Back in January of 2017, most personal finance professionals, advisers, bloggers, and just about anybody willing to give you money advice said to avoid investing in crypto-currencies such as Bitcoin.
The price of Bitcoin at the close of 2016 was $963.74 per $1 USD. On the last day of 2017, the price was $14,156.40.
That’s a 1,369% gain in 365 days.
Whether you subscribe to the opinion that Bitcoin is a bubble or the future of currency, crypto-currencies are an extraordinarily volatile asset class.
Bitcoin was and still is a speculative investment with enormous risk.
Nonetheless, Bitcoin was an excellent investment choice in 2017.
What was #1? A currency called Verge rose 1,171,479%.
Past performance is not indicative of future results.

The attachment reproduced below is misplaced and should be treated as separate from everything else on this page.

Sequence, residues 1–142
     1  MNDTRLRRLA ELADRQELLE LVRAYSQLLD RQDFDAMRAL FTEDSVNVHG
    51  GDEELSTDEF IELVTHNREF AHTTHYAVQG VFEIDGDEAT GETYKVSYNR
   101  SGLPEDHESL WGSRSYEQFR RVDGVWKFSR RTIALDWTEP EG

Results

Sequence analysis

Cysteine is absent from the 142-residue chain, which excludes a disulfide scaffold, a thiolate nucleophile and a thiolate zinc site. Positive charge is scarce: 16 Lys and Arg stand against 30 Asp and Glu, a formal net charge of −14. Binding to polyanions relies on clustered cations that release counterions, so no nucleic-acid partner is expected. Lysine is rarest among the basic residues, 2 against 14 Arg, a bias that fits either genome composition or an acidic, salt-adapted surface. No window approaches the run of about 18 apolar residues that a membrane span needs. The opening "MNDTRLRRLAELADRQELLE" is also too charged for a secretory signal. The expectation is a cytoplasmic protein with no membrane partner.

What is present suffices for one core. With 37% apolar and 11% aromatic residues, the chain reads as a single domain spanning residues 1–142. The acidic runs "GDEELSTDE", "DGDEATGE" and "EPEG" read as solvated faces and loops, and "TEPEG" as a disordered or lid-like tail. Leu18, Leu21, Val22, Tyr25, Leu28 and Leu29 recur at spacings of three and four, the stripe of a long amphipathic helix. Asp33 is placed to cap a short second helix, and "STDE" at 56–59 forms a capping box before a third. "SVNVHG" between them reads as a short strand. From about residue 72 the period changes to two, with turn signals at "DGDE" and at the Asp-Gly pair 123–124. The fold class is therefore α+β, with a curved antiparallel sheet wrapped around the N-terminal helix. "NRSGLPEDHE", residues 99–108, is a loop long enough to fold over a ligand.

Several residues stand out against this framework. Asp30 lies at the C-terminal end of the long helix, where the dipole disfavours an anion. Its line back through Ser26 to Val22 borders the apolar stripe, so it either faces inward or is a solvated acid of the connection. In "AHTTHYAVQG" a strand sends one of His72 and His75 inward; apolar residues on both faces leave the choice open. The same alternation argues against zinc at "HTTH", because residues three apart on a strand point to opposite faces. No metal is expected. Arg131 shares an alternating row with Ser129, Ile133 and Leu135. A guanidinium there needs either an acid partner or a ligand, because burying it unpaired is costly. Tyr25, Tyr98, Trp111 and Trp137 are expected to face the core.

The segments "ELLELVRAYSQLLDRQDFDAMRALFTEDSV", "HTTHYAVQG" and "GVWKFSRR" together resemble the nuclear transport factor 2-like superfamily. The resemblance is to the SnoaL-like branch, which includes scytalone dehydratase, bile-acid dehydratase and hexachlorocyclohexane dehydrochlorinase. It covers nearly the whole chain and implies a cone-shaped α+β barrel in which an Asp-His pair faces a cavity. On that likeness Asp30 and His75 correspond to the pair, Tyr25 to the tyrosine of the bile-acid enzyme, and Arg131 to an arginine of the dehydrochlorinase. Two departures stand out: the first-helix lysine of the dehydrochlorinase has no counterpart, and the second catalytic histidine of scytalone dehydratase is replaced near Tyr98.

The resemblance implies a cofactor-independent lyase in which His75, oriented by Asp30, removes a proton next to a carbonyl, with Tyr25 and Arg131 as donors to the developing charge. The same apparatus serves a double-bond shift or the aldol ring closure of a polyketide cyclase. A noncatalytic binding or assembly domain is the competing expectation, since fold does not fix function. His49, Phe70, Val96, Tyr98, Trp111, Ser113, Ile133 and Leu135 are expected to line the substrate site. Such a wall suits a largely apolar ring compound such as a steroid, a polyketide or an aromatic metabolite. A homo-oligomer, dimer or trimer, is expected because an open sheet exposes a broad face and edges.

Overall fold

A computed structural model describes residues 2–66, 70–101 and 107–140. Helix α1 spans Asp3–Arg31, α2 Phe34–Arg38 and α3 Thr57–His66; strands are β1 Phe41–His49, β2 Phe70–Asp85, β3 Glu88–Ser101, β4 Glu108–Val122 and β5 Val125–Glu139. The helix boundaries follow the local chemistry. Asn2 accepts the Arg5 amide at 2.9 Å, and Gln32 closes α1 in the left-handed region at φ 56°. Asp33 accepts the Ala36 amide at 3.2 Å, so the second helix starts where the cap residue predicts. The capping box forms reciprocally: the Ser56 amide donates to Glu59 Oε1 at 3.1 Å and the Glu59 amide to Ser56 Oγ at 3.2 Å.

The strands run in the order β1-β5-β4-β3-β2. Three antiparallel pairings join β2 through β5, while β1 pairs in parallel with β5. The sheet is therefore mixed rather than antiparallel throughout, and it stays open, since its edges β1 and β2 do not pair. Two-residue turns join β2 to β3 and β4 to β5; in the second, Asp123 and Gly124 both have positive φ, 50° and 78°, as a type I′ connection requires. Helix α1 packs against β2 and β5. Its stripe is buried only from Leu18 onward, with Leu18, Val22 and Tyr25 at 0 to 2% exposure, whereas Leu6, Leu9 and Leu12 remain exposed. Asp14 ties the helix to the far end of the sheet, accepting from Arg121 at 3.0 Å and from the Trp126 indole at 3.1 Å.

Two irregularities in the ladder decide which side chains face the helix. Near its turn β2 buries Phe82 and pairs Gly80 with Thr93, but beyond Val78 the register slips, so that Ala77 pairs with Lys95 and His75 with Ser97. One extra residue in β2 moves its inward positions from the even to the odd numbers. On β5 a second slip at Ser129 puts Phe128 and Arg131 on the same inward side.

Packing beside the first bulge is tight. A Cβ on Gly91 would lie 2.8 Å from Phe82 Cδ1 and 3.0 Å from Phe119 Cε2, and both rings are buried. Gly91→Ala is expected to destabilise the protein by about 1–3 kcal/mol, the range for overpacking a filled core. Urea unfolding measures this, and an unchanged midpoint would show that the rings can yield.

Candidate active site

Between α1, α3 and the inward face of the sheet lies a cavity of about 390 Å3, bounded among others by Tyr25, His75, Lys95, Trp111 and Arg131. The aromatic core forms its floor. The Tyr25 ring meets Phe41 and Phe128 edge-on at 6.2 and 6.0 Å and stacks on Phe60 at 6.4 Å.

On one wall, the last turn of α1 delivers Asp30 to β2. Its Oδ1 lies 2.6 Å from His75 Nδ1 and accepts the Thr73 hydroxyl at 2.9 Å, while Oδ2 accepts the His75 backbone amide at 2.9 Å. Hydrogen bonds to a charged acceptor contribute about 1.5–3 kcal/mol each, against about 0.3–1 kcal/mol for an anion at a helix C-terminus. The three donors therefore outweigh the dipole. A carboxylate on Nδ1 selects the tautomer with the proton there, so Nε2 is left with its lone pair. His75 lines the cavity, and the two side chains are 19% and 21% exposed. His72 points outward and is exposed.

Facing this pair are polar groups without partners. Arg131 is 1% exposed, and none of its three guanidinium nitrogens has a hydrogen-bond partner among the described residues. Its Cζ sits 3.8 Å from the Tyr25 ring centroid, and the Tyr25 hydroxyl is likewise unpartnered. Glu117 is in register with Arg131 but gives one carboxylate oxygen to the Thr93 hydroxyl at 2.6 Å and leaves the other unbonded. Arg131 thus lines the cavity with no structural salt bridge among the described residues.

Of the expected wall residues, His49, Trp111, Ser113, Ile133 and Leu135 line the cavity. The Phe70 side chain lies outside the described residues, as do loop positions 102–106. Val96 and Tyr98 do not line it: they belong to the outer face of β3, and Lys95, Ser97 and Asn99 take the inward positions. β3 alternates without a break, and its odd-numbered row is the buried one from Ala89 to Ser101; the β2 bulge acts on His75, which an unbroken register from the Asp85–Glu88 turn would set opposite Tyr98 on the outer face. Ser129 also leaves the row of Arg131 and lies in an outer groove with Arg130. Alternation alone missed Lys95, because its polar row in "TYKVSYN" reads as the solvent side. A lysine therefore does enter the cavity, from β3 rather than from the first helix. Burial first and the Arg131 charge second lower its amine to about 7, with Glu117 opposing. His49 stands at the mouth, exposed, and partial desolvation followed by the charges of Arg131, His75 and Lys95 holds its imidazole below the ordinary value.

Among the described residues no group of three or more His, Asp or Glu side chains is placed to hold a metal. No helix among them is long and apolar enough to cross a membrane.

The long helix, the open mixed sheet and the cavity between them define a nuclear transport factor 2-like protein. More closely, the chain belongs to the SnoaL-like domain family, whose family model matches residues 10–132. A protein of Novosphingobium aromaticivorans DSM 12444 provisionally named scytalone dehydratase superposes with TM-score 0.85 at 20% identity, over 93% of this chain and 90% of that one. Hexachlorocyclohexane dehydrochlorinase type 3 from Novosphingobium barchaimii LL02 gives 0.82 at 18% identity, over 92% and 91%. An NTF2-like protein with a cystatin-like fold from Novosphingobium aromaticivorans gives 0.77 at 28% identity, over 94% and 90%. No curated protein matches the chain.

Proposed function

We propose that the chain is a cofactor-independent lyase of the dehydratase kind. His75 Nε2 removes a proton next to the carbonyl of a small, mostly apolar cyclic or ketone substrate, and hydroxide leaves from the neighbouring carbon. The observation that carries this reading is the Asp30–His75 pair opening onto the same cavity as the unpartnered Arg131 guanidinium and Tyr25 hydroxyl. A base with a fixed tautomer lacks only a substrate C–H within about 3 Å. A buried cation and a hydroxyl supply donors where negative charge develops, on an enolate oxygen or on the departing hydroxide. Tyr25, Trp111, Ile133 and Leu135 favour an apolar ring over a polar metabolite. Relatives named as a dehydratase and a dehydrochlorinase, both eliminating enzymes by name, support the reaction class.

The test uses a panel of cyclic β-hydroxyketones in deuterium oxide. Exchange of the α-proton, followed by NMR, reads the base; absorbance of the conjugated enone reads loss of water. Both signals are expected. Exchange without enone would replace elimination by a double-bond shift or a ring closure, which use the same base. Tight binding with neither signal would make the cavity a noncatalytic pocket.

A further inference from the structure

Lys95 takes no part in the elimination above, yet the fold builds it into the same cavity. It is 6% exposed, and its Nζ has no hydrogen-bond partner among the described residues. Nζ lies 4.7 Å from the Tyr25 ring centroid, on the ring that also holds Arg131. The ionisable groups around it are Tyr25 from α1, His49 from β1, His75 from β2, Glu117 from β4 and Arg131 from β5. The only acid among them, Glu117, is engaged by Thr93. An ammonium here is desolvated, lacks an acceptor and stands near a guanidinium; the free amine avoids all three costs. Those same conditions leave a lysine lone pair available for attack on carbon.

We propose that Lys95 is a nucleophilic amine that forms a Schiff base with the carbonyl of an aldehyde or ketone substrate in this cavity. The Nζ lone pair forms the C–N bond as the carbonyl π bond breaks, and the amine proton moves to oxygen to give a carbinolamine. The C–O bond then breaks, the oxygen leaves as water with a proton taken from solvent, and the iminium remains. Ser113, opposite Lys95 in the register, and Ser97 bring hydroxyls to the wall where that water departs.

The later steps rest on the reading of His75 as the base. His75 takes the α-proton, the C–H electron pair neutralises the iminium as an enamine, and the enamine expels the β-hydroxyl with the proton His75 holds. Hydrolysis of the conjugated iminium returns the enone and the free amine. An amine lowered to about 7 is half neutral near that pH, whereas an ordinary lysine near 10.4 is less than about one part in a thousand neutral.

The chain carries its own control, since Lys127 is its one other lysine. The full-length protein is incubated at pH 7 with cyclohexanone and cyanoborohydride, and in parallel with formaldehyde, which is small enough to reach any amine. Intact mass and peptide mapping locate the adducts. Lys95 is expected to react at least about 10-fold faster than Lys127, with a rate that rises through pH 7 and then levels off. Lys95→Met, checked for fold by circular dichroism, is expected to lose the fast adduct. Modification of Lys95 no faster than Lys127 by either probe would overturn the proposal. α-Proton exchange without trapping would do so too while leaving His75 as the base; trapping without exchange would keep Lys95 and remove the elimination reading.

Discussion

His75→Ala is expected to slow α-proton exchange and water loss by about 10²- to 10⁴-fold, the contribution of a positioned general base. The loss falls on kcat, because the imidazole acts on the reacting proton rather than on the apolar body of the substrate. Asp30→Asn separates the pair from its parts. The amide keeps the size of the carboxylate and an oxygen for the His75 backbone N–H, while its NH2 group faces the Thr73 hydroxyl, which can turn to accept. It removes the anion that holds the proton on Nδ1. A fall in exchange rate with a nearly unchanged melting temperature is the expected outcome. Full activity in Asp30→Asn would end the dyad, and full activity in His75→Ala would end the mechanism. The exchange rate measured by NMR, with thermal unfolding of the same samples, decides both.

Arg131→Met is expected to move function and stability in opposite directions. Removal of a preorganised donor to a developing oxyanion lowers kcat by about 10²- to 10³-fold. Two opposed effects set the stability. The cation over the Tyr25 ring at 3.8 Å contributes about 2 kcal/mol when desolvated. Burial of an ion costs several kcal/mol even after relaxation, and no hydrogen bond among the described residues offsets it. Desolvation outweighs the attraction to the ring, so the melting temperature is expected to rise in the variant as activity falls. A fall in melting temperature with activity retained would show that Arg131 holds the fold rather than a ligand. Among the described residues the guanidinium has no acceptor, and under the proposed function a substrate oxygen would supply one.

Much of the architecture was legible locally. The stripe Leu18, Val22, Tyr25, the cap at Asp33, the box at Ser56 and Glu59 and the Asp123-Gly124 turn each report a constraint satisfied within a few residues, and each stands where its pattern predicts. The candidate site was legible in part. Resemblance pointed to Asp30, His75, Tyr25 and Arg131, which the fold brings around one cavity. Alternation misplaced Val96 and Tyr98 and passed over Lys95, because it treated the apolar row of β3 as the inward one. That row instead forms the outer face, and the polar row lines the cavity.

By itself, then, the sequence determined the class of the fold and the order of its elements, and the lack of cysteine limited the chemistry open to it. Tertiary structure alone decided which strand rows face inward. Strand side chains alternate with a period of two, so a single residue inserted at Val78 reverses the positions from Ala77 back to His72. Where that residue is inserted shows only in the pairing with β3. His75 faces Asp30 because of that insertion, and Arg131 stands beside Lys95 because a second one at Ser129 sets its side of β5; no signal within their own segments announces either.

This is Not About Bitcoin
I’m not qualified to offer readers any advice on investing in Bitcoin or other digital currencies. I personally did not invest in Bitcoin and do not plan to.
Because I tend to make “smart” money decisions. Not risky ones.
I invest over the long-term and avoid the flavor of the day.
I don’t borrow money to invest.
But people do become very rich by ignoring the “smart” advice and making risky bets. Multi-millionaires have arisen out of the crypto-currency craze and will go on to live lavish lifestyles and start new businesses.
Are they smarter than us? Lucky opportunists? Just not afraid to take a risk?
Or are they doomed to lose it all when the euphoria is gone? Some might. But nimble investors will exit with profits.
Back in the dot-com era, famous entrepreneur Mark Cuban cashed out when he and his partners sold Broadcast.com to Yahoo in 1999 for $5.7 billion dollars.